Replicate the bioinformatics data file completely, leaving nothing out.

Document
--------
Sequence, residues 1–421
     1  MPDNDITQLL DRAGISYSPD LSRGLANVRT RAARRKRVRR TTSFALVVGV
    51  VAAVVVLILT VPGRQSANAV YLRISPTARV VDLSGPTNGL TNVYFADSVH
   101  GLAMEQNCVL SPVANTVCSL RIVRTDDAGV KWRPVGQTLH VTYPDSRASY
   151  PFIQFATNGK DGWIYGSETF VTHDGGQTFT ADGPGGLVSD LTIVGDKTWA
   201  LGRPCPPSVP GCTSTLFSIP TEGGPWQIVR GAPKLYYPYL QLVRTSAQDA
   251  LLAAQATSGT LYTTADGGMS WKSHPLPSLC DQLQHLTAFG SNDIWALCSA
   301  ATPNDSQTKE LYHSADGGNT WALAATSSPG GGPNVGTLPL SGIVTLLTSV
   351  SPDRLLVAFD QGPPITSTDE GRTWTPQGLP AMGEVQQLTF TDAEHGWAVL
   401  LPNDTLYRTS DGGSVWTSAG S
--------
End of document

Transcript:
Sequence, residues 1–421
     1  MPDNDITQLL DRAGISYSPD LSRGLANVRT RAARRKRVRR TTSFALVVGV
    51  VAAVVVLILT VPGRQSANAV YLRISPTARV VDLSGPTNGL TNVYFADSVH
   101  GLAMEQNCVL SPVANTVCSL RIVRTDDAGV KWRPVGQTLH VTYPDSRASY
   151  PFIQFATNGK DGWIYGSETF VTHDGGQTFT ADGPGGLVSD LTIVGDKTWA
   201  LGRPCPPSVP GCTSTLFSIP TEGGPWQIVR GAPKLYYPYL QLVRTSAQDA
   251  LLAAQATSGT LYTTADGGMS WKSHPLPSLC DQLQHLTAFG SNDIWALCSA
   301  ATPNDSQTKE LYHSADGGNT WALAATSSPG GGPNVGTLPL SGIVTLLTSV
   351  SPDRLLVAFD QGPPITSTDE GRTWTPQGLP AMGEVQQLTF TDAEHGWAVL
   401  LPNDTLYRTS DGGSVWTSAG S